Video Shows Scientists Making a "Nightmarish Coffee" From Parasitic Fish That Slurps the Blood and Guts Out of Other Fish

The clue is in an "alarm cue."

It's known as the "vampire fish"—a long, eel-like parasite with a mouth like a circular vacuum attachment it applies to other fish to live off their blood and flesh. But not only do sea lampreys look and sound like something out of a horror movie, researchers are also using their bodies for a grisly sequel. "It's like we're making coffee. You're passing a hot liquid over a solid and making lamprey coffee," said Kandace Griffin, a Ph.D. student in the department of fisheries and wildlife at Michigan State, in Scientific American.

"We have a flask of solvent, and as that heats up, it's going to evaporate. And then we'll condense over the extractor body, which has our whole body sea lamprey, and then it will go back down onto the sea lamprey." What's the purpose of this macabre-seeming experiment? It's actually to preserve a healthy ecosystem for fish in the Great Lakes. Read on to find out more. 

1
"Lamprey Coffee" Creates Alarm Cues

Scientific American/YouTube

In essentially boiling and dissolving the lampreys alive, the researchers are extracting an "alarm cue" from the fish's body. This is then used in experiments with other lampreys. "An alarm cue is a substance that warns other animals, typically of the same species, that a predator is around or attack has occurred," said Griffin.

"So for sea lamprey, when their skin is abraided, they will release this cue into the water and other migrating sea lamprey you can smell it." Keep reading to learn more and see the video.

2
Scientists Attempting Crowd Control

Scientific American/YouTube

Michigan State scientists are looking into ways to control sea lamprey, particularly to drive them away and into certain areas. The researchers are releasing the "lamprey coffee" and then tracking how other lamprey respond.

"With the technology that we have, we will be able to tell are they changing their ground speed or are they changing their sinuosity?" said Griffin. "Are they taking a straighter path? Maybe we can push them towards a trap or push them towards an area of the river that is unsuitable for their spawning grounds, so maybe their eggs don't survive. So then there's fewer of them."

3
Why Pick on the Sea Lamprey?

Scientific American/YouTube

Sea lampreys are an invasive species that are a serious threat to Michigan's $7 billion fishing industry. They attach themselves to fish and essentially subsist on their blood. An affected fish may die or be weakened—in either case rendered unfit for human consumption.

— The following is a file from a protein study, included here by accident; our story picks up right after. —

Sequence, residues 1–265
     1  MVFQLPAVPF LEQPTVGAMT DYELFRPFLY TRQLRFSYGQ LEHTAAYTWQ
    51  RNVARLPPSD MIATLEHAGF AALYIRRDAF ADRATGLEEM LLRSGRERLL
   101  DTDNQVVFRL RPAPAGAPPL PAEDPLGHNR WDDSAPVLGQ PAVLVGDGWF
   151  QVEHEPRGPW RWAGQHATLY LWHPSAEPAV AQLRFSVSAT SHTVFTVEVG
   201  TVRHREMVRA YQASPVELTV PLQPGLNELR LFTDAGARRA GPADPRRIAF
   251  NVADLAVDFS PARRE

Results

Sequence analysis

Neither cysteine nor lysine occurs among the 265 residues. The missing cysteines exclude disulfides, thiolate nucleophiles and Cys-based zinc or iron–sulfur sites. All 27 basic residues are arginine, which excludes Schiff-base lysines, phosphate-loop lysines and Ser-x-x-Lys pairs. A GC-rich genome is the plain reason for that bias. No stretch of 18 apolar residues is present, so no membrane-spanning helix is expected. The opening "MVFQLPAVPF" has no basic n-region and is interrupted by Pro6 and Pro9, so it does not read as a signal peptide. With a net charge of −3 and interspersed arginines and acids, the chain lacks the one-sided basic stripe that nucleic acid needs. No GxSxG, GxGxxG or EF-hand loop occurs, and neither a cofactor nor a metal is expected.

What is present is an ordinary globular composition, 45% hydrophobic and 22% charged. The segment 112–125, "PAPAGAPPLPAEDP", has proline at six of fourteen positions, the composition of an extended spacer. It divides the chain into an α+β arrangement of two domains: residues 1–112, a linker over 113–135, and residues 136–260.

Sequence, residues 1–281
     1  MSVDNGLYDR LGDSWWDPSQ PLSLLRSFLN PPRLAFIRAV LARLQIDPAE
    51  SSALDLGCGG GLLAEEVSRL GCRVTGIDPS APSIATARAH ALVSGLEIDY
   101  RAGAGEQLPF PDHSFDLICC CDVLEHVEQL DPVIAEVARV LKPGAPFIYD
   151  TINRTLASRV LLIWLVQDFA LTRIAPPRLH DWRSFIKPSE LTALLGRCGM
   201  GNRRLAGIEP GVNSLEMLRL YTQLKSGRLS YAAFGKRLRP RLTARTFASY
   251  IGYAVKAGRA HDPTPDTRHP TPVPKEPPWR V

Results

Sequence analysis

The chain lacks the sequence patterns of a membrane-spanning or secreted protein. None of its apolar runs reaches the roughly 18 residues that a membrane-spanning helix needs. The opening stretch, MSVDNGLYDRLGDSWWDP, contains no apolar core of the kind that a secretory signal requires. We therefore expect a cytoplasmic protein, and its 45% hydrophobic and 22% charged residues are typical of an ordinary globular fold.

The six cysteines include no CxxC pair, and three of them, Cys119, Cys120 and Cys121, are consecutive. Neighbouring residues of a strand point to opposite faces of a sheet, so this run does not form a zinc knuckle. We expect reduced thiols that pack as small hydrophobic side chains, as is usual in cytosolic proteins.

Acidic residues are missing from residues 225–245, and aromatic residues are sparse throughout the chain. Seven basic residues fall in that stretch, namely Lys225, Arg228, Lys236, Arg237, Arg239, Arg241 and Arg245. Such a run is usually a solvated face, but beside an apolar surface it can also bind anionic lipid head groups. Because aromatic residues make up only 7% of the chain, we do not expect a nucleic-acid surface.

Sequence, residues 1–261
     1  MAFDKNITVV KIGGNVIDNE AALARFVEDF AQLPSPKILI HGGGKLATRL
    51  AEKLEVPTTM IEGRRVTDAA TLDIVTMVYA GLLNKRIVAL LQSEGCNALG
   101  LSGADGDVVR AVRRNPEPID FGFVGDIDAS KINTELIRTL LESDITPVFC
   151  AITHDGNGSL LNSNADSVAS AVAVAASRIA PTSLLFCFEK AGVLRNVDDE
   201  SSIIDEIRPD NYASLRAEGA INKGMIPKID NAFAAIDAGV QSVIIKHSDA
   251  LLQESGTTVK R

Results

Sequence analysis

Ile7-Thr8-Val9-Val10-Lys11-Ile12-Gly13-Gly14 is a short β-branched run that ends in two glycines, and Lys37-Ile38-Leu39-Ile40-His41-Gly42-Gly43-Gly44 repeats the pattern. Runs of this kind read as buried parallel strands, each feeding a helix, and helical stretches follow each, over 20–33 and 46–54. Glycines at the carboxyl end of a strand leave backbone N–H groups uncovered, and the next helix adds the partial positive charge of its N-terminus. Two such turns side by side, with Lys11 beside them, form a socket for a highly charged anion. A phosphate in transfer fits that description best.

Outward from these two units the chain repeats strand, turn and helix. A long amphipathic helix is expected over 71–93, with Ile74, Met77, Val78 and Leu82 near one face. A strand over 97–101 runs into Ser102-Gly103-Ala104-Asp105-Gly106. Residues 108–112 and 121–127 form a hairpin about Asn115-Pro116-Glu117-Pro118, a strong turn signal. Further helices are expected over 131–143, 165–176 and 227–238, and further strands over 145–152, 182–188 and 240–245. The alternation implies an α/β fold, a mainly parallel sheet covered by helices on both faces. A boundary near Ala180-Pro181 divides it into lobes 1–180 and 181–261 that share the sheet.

"Sea lampreys attach to fish with their suction cup mouth, then dig their teeth into flesh for grip," the Great Lakes Fishery Commission explains. "Once securely attached, sea lampreys rasp through the fish's scales and skin with their sharp tongue. Sea lampreys feed on the fish's body fluids by secreting an enzyme that prevents blood from clotting, similar to how a leech feeds off its host."

4
A Serious Predatory Threat

Sea lamprey.
Shutterstock

"In their native Atlantic Ocean, thanks to co-evolution with fish there, sea lampreys are parasites that typically do not kill their host," says the Great Lakes Fishery Commission. "In the Great Lakes, where no such co-evolutionary link exists, sea lampreys act as predators, with each individual capable of killing up to 40 pounds (more than 20 kilograms) of fish over their 12 to 18 month feeding period."

"Host fish in the Great Lakes are often unable to survive sea lamprey parasitism, either dying directly from an attack or from infections in the wound after an attack," the agency says. "Host fish that survive an attack often suffer from weight loss and a decline in health and condition."

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5
Price of Keeping Population Down: $20 Million a Year

Scientific American/YouTube

Sea lampreys have been a menace in the Great Lakes for a century. Decades of effort have seen their population reduced by 98%, but the fish is so adept at reproducing that "the remaining 2% is enough to start the cycle all over again if left unchecked," Great Lakes Now reports.

It costs $20 million a year to keep their numbers at current levels. The current techniques used to reduce sea lamprey include a pesticide called TFM, which is placed in areas where the lamprey reproduces. Its use is controversial because it may harm other fish. Physical barriers have also been used, but they can also affect other fish that are trying to spawn. So researchers have been developing "biopesticides" like the lamprey coffee, which work with lamprey-specific pheromones and alarm cues. This might lure lamprey into traps or areas that have been treated with a lamprey-targeted pesticide. 

Michael Martin
Michael Martin is a New York City-based writer and editor. Read more
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